It is essential to understand slang to understand conversational English.  An example of slang is ‘yeah’ which means ‘yes.’

4. English grammar is full of subtlety

For example,

Consider the difference between,

  • “I write” (the simple past) with “I am writing.”
  • “I have written” (the perfect present) with “I had written.”

The difference is very subtle and sophisticated.

5. Pronunciation is difficult and inconsistent

Pronouncing words in another language can be tricky.  Especially for Asians learning a European language.  The prevailing sounds can be quite different.

For examples specific to different cultures, please review the article Common grammatical errors that foreigners make.

The only way to learn correct pronunciation is practice.

Examples of difficult pronunciation,

  • ‘th’ sound is difficult because it is uncommon in other languages
  • Differentiating between ‘l’ and ‘r’  is difficult for speakers of Japanese and some Chinese dialects.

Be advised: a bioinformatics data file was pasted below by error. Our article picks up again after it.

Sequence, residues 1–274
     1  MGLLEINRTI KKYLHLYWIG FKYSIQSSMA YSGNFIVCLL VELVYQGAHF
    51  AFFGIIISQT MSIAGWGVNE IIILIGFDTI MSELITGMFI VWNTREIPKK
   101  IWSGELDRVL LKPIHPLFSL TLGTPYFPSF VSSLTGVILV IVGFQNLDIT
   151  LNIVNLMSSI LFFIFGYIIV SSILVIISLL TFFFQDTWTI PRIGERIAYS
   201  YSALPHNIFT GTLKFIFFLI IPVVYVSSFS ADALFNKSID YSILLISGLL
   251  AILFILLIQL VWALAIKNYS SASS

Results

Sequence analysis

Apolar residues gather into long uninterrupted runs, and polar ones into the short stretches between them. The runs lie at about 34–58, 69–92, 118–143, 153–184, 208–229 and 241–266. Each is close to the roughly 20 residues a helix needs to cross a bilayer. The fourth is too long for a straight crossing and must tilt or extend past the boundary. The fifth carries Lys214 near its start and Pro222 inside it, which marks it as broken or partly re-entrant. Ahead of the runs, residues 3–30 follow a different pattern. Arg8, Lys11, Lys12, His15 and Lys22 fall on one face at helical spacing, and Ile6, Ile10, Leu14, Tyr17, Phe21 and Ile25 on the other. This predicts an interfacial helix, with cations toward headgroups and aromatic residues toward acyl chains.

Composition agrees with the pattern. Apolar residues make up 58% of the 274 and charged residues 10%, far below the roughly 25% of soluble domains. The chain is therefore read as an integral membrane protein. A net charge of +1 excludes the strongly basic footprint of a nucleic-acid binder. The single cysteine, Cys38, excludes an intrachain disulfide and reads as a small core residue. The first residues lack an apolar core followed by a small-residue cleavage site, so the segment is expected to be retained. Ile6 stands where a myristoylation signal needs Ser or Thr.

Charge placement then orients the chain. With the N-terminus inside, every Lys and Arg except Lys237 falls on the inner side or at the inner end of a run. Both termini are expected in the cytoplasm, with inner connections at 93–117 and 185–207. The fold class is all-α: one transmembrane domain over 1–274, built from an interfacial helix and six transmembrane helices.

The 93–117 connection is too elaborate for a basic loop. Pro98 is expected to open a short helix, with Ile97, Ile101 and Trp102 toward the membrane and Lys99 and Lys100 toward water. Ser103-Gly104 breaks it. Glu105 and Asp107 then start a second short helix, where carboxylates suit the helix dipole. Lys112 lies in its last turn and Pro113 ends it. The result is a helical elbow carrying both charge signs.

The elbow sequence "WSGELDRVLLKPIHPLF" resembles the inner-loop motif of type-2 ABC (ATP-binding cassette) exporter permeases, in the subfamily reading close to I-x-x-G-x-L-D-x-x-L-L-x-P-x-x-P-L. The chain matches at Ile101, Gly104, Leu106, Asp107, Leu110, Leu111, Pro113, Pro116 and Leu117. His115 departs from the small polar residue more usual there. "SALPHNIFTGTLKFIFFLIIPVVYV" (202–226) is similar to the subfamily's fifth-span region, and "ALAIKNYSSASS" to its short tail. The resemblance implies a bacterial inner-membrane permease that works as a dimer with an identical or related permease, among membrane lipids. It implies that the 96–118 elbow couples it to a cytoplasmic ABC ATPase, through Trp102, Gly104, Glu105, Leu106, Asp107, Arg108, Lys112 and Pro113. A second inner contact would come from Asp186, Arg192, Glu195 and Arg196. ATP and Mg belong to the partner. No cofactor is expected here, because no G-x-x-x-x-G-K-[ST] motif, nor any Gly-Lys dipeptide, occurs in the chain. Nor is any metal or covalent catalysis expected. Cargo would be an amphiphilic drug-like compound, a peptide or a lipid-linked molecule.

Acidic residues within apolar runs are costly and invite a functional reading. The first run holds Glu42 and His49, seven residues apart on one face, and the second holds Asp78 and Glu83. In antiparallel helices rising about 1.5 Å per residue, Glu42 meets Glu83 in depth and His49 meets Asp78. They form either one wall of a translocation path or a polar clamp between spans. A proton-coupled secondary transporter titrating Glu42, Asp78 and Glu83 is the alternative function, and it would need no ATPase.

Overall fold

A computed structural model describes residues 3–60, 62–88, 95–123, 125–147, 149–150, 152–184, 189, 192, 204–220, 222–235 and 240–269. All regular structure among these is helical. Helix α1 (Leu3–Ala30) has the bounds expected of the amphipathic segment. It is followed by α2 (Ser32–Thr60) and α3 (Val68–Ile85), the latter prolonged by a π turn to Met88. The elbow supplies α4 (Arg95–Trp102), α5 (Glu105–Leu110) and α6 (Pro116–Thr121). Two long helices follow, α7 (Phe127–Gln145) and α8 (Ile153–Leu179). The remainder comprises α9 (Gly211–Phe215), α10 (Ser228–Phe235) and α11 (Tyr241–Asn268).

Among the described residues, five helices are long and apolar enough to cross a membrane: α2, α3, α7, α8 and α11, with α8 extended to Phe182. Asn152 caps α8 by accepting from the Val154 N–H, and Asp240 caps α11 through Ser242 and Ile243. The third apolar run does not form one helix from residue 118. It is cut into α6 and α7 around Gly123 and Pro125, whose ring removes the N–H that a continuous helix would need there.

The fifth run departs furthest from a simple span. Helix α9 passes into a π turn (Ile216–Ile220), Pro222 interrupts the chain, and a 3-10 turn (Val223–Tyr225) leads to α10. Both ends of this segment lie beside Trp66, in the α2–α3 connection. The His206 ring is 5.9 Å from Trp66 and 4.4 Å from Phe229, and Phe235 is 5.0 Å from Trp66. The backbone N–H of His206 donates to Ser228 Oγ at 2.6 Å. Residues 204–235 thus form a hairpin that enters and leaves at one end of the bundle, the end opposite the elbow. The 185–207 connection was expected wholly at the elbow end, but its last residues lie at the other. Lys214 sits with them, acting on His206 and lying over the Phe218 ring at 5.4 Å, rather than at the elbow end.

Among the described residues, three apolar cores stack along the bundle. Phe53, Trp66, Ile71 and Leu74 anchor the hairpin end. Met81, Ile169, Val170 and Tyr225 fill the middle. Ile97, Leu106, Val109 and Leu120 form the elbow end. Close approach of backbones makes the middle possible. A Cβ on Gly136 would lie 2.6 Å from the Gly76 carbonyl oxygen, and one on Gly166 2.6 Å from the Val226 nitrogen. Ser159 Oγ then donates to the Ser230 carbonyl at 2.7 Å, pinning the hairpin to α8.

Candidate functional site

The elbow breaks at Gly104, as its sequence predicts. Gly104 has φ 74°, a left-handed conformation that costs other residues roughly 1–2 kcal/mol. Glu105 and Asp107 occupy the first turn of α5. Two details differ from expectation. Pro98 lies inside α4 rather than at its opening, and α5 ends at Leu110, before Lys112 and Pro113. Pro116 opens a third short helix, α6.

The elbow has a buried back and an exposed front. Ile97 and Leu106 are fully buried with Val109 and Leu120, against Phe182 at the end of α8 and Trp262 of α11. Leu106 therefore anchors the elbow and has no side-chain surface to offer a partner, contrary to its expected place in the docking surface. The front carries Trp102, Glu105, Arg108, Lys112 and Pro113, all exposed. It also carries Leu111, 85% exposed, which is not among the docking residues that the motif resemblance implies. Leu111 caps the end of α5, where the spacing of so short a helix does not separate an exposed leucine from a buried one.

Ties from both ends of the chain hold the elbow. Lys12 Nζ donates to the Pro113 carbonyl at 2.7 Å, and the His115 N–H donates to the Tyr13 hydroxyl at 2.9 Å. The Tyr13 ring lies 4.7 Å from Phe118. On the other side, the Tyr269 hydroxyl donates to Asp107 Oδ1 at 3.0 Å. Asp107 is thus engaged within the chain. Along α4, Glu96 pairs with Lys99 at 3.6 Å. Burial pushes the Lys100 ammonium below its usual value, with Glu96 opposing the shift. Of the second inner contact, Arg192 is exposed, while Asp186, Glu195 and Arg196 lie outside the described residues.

• The distinction between ‘b’ and ‘v’ is difficult for speakers of languages such as Spanish and Arabic

There are so many silent letters in English.   An example is,

  • ‘k’ as in ‘knife.’
  • ‘n’ as in ‘Autumn’

Regional dialects can alter pronunciation.

Refer to the article on pronunciation


It will take a long time for foreigners to learn the subtleties of English grammar.  The best way to learn conversational English is to be among English speaking people.   The fastest way to learn English is to live with an English speaking family and speak only English.  Your English family will correct you when you are wrong.

A good English teacher is essential.  If you are looking for one of the best teachers of English as a foreign language, then contact Lan@englishforforeignersonline.com

Please leave a comment or question in the section below.  I will reply to all relevant comments.

Tools for learning English

Grammarly is an online grammar checker and proofreading tool and can help avoid embarrassing typos and grammatical errors.